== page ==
Being Small and Despised Isn’t So Bad

Friday is for Heart Songs

praying the psalms

“I am” declarations in Psalm 119:

  • “I am a stranger in the earth”   vs. 19
  • “I am the companion of all those who fear You”   vs. 63
  • “I am Yours”   vs. 94
  • “I am exceedingly afflicted”   vs. 107
  • “I am Your servant”   vs. 125
  • “I am small and despised”   vs. 141

If I am a stranger in the earth it is because I am a citizen of heaven.
If I am a companion of those who fear God, I will be despised by those who don’t.
If I belong to YHWH I cannot belong to the world.
If I am exceedingly afflicted it is not outside of God’s sovereign and good hand.
If I am the servant of God it is for His purposes that I breathe.
And If I am small and despised it is a reminder that it is for His glory not mine that He has called me to be a stranger on the earth.

Lord, help me to remember the truth of Your word. Help me to declare with the whole of my being what the Psalmist declares here. Make me Your servant for Your purposes, for Your glory. Amen.

Quotes to Rock Your World

Friday is for Heart Songs

Some of the Dogs from Lutheran Ministries (Comfort Dogs)
Some of the Dogs from Lutheran Ministries (Comfort Dogs) 

It has been a busy week of service to the King and our community here at Trinity Church. The flood on the West side of town (#2 in six months period), has brought the Red Cross to our doors and many of our neighbors as well. Volunteers from Trinity, the Red Cross and a host of other agencies (Lutheran Ministries Comfort Dogs for one) have all been working together to care for people and, in our case, represent Christ. Two funeral’s this weekend, hosting the MARC (Multi Agency Resource Center), caring for broken people, preparing messages, elder board meetings, meetings with staff, counseling, studying for up-coming messages, and lots of prayer. It has been full.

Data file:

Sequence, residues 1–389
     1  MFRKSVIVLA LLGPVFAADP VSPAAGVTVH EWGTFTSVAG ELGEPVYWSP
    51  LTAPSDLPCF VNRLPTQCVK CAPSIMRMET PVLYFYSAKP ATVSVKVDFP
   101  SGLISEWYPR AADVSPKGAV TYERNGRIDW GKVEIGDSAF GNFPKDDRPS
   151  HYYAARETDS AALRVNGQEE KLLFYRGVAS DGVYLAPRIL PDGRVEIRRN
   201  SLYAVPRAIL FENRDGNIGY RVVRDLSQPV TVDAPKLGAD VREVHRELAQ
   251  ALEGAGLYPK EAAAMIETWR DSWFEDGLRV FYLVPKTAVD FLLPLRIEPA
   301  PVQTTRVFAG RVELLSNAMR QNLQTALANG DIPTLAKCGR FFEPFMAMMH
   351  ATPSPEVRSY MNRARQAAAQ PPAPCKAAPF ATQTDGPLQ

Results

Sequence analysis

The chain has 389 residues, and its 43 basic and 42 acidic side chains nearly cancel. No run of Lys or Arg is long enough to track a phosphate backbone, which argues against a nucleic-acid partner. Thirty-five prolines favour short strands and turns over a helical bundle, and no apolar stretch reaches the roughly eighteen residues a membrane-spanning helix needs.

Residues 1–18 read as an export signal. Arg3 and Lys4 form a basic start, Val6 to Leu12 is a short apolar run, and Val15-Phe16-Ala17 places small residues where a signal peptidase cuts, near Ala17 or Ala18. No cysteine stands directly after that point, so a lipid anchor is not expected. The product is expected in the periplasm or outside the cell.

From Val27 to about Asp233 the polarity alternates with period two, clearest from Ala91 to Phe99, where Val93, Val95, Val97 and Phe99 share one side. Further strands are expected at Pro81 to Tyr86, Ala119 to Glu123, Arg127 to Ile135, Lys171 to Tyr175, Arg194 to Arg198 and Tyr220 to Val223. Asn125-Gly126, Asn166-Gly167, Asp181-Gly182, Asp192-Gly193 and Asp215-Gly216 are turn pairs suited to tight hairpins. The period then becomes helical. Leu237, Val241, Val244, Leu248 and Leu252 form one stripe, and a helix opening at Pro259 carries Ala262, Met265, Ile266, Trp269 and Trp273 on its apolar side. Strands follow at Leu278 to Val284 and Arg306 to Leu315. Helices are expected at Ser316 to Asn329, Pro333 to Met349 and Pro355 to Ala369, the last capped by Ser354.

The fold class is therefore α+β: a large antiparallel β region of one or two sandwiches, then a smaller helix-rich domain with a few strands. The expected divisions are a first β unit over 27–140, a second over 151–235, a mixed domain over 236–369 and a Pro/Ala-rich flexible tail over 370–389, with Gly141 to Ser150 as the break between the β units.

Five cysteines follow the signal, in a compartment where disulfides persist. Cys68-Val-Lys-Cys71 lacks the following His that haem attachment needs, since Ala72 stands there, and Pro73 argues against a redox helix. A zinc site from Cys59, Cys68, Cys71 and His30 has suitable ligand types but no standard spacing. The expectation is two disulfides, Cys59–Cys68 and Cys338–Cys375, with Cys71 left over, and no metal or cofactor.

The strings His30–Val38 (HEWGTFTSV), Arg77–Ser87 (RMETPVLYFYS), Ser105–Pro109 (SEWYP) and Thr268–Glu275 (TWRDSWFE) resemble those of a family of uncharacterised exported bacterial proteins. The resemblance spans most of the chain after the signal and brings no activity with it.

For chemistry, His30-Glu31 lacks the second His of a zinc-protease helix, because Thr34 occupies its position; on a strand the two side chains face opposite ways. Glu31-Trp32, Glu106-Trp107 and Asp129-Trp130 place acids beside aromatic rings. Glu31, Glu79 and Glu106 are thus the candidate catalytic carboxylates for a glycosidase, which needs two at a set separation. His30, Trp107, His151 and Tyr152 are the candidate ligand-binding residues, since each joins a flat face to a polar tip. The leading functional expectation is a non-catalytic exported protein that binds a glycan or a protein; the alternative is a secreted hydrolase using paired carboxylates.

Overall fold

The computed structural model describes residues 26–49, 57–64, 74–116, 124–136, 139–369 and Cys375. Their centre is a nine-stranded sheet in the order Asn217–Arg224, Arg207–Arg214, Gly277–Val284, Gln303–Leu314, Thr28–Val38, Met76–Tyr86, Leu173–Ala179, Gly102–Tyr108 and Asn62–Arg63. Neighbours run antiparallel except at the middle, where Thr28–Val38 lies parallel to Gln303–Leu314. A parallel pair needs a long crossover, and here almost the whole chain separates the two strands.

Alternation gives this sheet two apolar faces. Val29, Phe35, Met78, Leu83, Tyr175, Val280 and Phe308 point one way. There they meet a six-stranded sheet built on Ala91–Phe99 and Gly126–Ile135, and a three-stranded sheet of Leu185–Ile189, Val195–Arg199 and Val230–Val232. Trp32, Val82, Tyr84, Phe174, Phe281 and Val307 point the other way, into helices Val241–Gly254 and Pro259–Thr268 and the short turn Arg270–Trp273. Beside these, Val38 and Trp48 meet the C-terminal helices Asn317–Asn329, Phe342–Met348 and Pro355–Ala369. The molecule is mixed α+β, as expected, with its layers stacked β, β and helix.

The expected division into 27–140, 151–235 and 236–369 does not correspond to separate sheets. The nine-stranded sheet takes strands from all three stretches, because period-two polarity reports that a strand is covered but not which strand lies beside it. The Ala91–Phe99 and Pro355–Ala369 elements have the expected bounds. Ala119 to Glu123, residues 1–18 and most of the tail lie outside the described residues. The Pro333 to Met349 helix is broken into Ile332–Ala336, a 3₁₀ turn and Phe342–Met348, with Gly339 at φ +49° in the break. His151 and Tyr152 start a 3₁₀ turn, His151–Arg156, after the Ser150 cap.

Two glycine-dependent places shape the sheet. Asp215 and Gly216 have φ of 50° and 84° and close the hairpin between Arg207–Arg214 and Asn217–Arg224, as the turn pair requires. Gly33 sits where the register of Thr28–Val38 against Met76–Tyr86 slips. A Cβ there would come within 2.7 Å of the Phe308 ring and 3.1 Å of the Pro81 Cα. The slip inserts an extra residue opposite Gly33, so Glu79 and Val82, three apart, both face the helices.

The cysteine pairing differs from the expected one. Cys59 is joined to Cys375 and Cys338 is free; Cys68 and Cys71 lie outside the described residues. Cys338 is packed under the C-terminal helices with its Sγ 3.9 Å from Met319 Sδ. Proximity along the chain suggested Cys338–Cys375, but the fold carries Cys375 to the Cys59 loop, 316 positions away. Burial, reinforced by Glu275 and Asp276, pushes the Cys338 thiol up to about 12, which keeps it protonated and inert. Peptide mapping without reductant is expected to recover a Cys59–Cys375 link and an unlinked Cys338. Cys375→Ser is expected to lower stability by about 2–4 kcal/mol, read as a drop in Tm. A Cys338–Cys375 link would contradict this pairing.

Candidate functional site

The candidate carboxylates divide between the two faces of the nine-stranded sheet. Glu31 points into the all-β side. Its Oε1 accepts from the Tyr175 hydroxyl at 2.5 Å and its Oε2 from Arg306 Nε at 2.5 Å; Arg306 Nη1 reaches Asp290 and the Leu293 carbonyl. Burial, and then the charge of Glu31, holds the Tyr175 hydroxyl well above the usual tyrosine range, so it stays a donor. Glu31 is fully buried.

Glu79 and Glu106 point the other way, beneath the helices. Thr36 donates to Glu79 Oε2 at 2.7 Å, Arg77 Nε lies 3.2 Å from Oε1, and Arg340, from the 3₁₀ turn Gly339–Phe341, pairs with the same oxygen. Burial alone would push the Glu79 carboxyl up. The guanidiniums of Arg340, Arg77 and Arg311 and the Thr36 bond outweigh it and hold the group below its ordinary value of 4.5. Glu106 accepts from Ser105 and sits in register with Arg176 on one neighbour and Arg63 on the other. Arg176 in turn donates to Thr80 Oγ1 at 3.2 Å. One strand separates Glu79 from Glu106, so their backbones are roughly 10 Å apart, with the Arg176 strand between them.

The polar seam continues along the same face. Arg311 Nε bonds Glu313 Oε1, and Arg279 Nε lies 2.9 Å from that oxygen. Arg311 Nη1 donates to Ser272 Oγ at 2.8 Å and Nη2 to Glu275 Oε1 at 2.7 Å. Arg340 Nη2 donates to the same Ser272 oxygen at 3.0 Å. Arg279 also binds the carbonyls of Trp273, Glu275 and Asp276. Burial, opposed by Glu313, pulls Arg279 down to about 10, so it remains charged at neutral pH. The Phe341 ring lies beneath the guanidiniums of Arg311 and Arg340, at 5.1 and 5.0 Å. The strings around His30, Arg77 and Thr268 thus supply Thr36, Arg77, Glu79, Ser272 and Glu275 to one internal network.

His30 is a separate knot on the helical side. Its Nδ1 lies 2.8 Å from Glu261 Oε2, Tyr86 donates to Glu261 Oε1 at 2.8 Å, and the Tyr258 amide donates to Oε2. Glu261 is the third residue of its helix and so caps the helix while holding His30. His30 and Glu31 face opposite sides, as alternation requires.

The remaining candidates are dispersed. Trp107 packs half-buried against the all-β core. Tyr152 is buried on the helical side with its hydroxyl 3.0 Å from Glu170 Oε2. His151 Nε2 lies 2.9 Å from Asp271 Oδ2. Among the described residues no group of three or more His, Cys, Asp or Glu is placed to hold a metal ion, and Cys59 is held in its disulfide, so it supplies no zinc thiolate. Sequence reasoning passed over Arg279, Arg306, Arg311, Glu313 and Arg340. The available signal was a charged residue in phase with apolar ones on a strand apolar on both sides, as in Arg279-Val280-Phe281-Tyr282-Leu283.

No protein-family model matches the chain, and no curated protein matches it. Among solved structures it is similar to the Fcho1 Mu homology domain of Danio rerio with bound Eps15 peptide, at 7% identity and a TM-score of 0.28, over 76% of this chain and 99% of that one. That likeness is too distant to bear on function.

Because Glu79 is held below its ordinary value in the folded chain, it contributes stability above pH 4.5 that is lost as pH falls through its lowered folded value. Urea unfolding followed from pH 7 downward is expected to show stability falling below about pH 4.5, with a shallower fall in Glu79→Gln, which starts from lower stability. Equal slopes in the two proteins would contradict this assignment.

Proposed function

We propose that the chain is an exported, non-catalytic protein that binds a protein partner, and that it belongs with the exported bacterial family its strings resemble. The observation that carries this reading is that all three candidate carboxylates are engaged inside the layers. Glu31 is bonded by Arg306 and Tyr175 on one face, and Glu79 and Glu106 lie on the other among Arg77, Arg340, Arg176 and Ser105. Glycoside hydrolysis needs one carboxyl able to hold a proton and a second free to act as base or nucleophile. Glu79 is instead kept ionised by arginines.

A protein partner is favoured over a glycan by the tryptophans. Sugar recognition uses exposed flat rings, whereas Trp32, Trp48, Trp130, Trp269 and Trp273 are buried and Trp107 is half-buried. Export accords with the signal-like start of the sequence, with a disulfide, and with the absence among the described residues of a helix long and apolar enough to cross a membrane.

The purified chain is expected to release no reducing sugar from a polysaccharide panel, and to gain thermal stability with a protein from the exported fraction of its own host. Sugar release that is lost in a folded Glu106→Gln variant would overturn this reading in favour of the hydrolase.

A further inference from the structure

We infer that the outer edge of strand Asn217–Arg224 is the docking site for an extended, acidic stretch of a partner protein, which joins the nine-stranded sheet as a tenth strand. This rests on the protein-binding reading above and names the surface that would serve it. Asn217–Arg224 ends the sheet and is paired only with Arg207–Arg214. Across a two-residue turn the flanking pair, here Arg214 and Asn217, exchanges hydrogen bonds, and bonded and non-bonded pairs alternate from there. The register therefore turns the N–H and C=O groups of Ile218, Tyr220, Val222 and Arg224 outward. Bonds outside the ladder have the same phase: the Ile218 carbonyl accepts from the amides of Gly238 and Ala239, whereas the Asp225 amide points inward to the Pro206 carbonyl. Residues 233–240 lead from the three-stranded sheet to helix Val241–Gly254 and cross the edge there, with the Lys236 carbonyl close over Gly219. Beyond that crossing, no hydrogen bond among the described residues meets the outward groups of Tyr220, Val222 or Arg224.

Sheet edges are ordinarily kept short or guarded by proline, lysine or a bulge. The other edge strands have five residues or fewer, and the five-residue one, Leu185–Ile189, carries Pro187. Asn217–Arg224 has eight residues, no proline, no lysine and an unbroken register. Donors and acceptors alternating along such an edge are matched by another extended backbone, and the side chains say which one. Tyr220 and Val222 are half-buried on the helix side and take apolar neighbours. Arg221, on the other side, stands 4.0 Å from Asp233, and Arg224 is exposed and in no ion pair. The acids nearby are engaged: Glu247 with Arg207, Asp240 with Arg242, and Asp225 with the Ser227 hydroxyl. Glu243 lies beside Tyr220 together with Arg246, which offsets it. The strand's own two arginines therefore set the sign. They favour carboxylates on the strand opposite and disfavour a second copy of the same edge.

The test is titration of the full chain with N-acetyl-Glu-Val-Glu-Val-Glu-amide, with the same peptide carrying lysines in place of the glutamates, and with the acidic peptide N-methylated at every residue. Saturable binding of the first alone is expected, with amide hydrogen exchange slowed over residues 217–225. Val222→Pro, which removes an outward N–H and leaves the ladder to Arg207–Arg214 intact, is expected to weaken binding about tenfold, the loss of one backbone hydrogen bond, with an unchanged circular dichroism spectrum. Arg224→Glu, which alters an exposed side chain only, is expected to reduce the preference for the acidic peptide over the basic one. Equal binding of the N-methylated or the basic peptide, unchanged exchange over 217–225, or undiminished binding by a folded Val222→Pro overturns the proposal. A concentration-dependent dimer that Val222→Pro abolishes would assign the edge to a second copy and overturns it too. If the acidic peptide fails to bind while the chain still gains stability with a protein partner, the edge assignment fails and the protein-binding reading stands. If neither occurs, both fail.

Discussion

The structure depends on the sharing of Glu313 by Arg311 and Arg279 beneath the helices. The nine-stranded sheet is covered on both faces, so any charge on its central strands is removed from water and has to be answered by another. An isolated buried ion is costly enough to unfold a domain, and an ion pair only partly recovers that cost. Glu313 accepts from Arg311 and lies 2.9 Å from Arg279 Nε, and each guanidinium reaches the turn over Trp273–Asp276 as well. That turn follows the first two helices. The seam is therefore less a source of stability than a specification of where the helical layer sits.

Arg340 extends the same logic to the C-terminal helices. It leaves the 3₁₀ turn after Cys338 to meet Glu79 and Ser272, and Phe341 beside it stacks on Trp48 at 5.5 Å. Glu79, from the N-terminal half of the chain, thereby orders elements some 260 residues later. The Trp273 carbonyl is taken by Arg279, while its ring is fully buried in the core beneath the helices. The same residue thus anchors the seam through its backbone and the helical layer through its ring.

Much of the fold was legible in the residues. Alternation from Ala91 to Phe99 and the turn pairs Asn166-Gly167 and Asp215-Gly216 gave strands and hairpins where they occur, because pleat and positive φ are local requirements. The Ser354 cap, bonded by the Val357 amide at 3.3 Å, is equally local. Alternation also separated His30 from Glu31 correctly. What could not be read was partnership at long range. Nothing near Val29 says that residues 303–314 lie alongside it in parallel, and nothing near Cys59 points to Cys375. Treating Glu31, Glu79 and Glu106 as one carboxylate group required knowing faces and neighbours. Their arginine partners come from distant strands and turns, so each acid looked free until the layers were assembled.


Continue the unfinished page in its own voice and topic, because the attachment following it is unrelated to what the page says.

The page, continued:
In the midst of it all, I read some great things this week that nurtured my soul. Others that challenged my heart, or broke my heart, inspired my spirit or just seemed like the right word at the right moment. Here’s a few to encourage you in your weekend.

George Orwell’s vision of the future from the novel 1984:

“If you want a picture of the future, imagine a boot stamping on a human face– for ever.”

Contrast that with Jesus’s truth statement about the future of those who call Him their Lord from John 14:2.

“In My Father’s house are many dwelling places. If it were not so, I would have told you.”

This one broke my heart out the mouth of Cooper (Matthew McConaughey) in the movie Intersteller. (Highly recommended.)

“After you kids came along, your Mom said said something I never quite understood: Now we’re just here to become memories for our children,’ until now.”

John Piper has been an inspiration for me for nearly 35 years. Here’s another great quote from his God-entranced vision of the Christian life.

“If you don’t feel strong desires for the manifestation of the glory of God, it is not because you have drunk deeply and are satisfied. It is because you have nibbled so long at the table of the world. Your soul is stuffed with small things, and there is no room for the great.”

And this great statement on the importance of the cross in our daily meditation from Erik Raymond including a link back to the entire article. (Worth your time.)

“It should come as no surprise to us who are Christians to find that Satan’s chief temptation of us is to have us forget the cross. Satan is not so concerned with moral living as much as moral living apart from Jesus. Satan is not concerned with emptying churches of people as much as he is emptying the pulpit of the cross of Christ. Satan is not so concerned with busy church calendars as much as he is with busy churches that have assumed or forgotten the cross. Satan is not so concerned with people who pray as much as he is concerned with people who pray broken, grace-grasping, desperate prayers in the shadow of the cross.

We are not ignorant of his schemes (2 Cor. 2.11). If Satan can’t destroy you he is content to simply divert you.”

—Erik Raymond 
(Link to article)

Overheard Wisdom for the Weekend

Overheard Wisdom

Hope balloon

“We must accept finite disappointment, but never lose infinite hope.”

Martin Luther King, Jr.

“What gives me the most hope every day is God’s grace; knowing that his grace is going to give me the strength for whatever I face, knowing that nothing is a surprise to God.”

Rick Warren

“When it comes to giving until it hurts, most people have a very low threshold of pain.”